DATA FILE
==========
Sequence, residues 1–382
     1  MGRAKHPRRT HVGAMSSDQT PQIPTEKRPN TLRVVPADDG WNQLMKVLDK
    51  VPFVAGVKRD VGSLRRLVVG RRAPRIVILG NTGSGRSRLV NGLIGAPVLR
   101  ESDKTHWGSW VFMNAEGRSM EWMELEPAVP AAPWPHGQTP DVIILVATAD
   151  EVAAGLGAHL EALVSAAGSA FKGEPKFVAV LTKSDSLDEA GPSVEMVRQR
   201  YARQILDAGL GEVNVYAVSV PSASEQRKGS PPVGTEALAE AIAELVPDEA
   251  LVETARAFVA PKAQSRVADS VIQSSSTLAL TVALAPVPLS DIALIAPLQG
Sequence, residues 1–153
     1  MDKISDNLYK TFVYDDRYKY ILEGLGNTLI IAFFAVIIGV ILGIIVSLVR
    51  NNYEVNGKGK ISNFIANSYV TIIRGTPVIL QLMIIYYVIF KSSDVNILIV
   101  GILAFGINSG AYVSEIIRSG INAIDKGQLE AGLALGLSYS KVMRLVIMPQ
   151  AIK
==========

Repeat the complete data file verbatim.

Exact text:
Sequence, residues 1–382
     1  MGRAKHPRRT HVGAMSSDQT PQIPTEKRPN TLRVVPADDG WNQLMKVLDK
    51  VPFVAGVKRD VGSLRRLVVG RRAPRIVILG NTGSGRSRLV NGLIGAPVLR
   101  ESDKTHWGSW VFMNAEGRSM EWMELEPAVP AAPWPHGQTP DVIILVATAD
   151  EVAAGLGAHL EALVSAAGSA FKGEPKFVAV LTKSDSLDEA GPSVEMVRQR
   201  YARQILDAGL GEVNVYAVSV PSASEQRKGS PPVGTEALAE AIAELVPDEA
   251  LVETARAFVA PKAQSRVADS VIQSSSTLAL TVALAPVPLS DIALIAPLQG
Sequence, residues 1–153
     1  MDKISDNLYK TFVYDDRYKY ILEGLGNTLI IAFFAVIIGV ILGIIVSLVR
    51  NNYEVNGKGK ISNFIANSYV TIIRGTPVIL QLMIIYYVIF KSSDVNILIV
   101  GILAFGINSG AYVSEIIRSG INAIDKGQLE AGLALGLSYS KVMRLVIMPQ
   151  AIK